This is a very good question that is requires more than a simple answer. I'll start an answer and perhaps others can correct or add to it:

    The temperature of a blackbody spectrum is determined by the energy distribution curve for the radiation, the same way that the temperature of a body of matter can be determined by the distribution curve. (The only difference is that photons bouncing around in a blackbody resonator obey Bose-Einstein statistics, not Maxwell-Boltzmann statistics. But the distribution curves are practically the same for high energies). We say that the temperature of the blackbody spectrum is a measure of the average energy of the photons comprising the radiation spectrum.

    So whereas the temperature of matter in thermal equilibrium is a measure of the average translational kinetic energy of the molecules that comprise the matter, the temperature of radiation is determined by a point on the energy distribution curve of that radiation that corresponds to the average energy of the photons in the blackbody spectrum.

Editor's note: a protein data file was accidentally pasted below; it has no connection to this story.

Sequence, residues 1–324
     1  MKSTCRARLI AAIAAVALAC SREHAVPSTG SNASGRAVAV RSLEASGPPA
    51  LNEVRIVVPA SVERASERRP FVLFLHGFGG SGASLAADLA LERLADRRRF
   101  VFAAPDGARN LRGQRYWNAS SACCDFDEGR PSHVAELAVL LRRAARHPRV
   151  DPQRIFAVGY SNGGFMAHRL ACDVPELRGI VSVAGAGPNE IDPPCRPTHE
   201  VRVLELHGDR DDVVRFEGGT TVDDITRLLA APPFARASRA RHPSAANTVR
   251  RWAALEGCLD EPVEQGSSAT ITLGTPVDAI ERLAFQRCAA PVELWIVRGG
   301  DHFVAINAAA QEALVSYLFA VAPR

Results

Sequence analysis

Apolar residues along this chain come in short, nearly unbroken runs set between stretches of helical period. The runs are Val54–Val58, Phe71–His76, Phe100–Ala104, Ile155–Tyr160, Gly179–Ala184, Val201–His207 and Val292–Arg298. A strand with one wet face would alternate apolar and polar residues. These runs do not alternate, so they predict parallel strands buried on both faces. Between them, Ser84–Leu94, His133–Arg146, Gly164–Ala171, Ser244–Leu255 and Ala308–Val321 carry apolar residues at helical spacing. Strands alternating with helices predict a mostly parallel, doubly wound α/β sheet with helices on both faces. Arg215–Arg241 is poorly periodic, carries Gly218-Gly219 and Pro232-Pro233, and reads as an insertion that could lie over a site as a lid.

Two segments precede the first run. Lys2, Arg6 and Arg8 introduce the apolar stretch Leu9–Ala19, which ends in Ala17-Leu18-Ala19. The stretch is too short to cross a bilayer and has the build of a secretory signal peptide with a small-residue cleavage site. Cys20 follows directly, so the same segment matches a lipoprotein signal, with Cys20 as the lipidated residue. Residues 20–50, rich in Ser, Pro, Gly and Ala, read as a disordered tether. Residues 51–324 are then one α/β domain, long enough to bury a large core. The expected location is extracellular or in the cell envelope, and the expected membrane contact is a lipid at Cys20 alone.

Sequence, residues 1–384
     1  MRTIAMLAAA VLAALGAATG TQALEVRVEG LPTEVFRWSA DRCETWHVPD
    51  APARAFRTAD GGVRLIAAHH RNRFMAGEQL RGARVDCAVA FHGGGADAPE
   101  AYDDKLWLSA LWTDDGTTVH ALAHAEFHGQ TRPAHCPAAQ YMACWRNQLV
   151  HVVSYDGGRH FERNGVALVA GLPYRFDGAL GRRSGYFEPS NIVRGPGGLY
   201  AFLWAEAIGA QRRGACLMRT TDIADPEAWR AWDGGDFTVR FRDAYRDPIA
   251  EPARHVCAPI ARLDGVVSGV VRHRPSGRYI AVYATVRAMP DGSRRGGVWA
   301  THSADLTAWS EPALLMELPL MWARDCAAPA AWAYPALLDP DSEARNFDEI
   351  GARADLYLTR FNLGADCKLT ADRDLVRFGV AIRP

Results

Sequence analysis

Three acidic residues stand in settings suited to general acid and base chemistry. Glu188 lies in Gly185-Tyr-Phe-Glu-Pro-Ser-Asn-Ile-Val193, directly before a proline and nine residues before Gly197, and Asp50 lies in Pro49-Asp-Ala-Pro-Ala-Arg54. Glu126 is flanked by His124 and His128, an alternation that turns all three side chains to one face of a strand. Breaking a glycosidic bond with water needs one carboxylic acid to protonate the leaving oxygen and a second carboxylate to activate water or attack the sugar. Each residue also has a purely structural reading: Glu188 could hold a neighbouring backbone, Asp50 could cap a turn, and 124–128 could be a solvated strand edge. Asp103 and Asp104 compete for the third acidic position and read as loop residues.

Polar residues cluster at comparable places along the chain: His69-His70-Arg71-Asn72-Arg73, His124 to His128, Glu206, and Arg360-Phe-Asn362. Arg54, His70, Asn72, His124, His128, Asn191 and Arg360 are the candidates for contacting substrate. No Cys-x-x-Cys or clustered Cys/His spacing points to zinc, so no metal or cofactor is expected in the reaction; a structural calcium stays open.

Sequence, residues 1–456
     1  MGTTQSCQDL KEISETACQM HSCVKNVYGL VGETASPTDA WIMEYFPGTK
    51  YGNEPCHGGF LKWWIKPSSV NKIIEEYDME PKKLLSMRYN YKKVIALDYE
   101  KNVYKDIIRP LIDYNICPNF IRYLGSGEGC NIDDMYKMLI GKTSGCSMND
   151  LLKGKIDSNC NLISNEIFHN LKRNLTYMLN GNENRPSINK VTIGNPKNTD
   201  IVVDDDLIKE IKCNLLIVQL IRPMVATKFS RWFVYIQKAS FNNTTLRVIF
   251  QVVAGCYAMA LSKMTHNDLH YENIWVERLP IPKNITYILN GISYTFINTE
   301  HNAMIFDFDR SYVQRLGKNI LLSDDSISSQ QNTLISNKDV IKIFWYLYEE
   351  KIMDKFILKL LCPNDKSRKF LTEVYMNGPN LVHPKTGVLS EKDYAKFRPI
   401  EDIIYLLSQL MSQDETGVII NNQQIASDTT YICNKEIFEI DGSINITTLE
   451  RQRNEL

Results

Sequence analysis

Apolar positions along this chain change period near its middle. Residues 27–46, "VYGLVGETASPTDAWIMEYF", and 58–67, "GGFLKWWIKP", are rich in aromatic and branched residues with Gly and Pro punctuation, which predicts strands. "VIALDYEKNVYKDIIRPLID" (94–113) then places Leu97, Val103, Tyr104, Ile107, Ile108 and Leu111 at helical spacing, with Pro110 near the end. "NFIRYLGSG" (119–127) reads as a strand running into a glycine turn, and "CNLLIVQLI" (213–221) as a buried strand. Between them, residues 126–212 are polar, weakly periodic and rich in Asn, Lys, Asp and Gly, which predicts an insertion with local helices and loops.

Note: Temperature is only defined for a blackbody spectrum of radiation. A laser which emits light of only one frequency, does not have a temperature.

  11. Jun 27, 2011 #10

    Andy Resnick

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    I am unaware of any reasonable definition that does not explicitly require some notion of equilibrium- for example, it's possible to assign a temperature to blackbody radiation. But, blackbody radiation is a radiation field in equilibrium with a thermal reservoir. I have not seen a detailed derivation, but it's surely possible to define a phonon field in thermal equilibrium with a reservoir, and then derive the spectral properties of such a 'blackbody speaker'.